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On Learning to Drive, Part 2

Car driver
We had an old Rambler, but I learned to drive with Mom’s Buick Electra 225. It was a big car and I was not a fan of traffic. Even though I managed to handle the car in Akron traffic, getting my license became less important. I was dating a lot at the time, so I had lots boyfriends who did the driving. There was one dreamboat Dave who drove a baby blue Camaro that matched his baby blue eyes. We ended up best friends rather than boyfriend and girlfriend, but I digress.

My brother ran around with his good friend who drove a Crazy Grape ‘Cuda. There were no ‘cool’ cars in our driveway.

My best friend, Cindy lived only a few houses away had the keys to her mother’s Firebird, so we often went tooling around town on Friday night. Cindy was not a great driver, but I never told my parents that.

Someday I will write the story of my mother’s illness, but not today. In all that chaos, however, I never went to get my license. I joined the Air Force, got married and discharged, gave birth to my daughter, got a divorce, moved to Alaska and eventually remarried. All in the span of seven years. That was a lot of living in a short span of time.

My then husband was in the Air Force. After my son was born, my husband was eventually sent TDY (temporary duty) which found me with two children and no driver’s license. Before he left, I finally – 7 years later – went to take the test for my license. I passed with flying colors.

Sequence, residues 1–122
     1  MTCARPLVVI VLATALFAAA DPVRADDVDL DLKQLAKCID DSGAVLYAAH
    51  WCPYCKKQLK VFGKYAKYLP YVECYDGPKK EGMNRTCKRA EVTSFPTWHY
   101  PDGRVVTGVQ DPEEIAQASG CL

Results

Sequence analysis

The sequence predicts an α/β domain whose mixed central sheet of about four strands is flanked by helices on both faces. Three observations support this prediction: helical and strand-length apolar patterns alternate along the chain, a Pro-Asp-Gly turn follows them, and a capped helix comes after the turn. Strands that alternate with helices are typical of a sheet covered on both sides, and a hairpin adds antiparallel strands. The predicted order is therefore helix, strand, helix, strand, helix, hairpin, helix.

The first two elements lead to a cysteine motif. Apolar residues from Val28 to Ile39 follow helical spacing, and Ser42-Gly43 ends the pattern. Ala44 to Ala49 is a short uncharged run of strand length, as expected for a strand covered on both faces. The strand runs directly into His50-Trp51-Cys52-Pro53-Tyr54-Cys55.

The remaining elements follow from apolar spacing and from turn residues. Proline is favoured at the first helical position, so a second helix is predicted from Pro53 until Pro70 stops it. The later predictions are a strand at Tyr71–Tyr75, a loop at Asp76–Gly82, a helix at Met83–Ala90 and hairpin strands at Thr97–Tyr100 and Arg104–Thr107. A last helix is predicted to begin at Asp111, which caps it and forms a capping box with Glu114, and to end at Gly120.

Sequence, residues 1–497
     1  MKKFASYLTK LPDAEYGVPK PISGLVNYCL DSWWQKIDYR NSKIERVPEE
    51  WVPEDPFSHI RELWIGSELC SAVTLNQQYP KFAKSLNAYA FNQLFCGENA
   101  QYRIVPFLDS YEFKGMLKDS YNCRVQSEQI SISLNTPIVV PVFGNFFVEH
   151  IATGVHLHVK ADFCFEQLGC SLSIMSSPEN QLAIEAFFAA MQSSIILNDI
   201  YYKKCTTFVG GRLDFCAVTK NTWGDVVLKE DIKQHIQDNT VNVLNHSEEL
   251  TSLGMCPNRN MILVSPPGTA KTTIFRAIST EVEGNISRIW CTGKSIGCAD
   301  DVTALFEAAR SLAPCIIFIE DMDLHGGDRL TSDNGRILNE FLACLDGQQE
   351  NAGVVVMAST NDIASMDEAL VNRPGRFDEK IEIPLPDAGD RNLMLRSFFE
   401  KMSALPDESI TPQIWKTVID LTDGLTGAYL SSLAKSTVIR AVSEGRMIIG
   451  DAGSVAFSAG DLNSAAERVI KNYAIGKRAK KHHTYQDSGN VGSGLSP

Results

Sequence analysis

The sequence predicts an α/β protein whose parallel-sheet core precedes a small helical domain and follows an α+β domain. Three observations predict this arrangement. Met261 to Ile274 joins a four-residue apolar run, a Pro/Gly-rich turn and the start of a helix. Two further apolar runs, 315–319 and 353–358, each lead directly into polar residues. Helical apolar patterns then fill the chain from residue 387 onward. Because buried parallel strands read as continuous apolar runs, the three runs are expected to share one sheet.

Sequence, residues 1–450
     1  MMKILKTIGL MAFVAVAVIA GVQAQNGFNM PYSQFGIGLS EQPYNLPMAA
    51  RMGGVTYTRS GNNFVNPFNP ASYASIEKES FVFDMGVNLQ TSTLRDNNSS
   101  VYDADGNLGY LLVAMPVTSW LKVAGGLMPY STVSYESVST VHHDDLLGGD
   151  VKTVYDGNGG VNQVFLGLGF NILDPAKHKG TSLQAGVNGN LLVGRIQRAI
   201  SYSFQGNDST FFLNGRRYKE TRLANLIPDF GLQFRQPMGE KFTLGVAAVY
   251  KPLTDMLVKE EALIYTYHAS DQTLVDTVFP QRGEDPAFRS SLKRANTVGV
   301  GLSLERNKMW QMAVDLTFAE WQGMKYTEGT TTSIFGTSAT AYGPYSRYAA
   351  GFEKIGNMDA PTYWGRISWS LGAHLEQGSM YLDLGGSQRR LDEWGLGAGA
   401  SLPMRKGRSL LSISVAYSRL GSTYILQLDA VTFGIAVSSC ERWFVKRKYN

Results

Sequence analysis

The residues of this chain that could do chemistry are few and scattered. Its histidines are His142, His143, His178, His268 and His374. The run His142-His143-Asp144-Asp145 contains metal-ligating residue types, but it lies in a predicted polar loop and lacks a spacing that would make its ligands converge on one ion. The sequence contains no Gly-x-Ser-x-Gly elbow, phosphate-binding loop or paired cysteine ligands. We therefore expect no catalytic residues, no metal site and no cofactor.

The first time I would drive alone, was after taking my then husband to the airport. I drove back to the Air Force base alone, with a toddler and a baby in the car. I was scared to death, but somehow things went ok.

A few days later, I loaded my children into their carseats and drove to one of the small Exchange stores on the base. I parked the car away from everyone so getting out of my parking spot would be easier. Imagine my surprise when I walked outside to see a huge motorhome smashed into our car.

It seems the woman driving parked on a bit of a hill and did not engage the parking brake. I am not sure if she left the vehicle in gear, but it had rolled down the hill into my car. Luckily, the motorhome gathered little speed, but it still damaged the car.

I was so naive. I knew nothing about insurance, who to call, what to do about estimates. I called a man who worked with my husband and he came to my aid, suggesting a place to take the car for repairs. Luckily the damage was not bad and the car was drivable.

I hardly recognize that young woman who was me. Dependent, vulnerable and too soft spoken. It is odd to look back and see ourselves in reflection. I have a fondness for that 25 year old young girl, but I’m glad she grew up and found her voice.

In the years to come, I would become a road warrior, taking many road trips between Maine and Virginia and between Florida and the Carolinas. I have had my share of unfortunate events while on the road, but I managed to work through them without much commotion. Lessons learned, I guess.

19 thoughts on “On Learning to Drive, Part 2”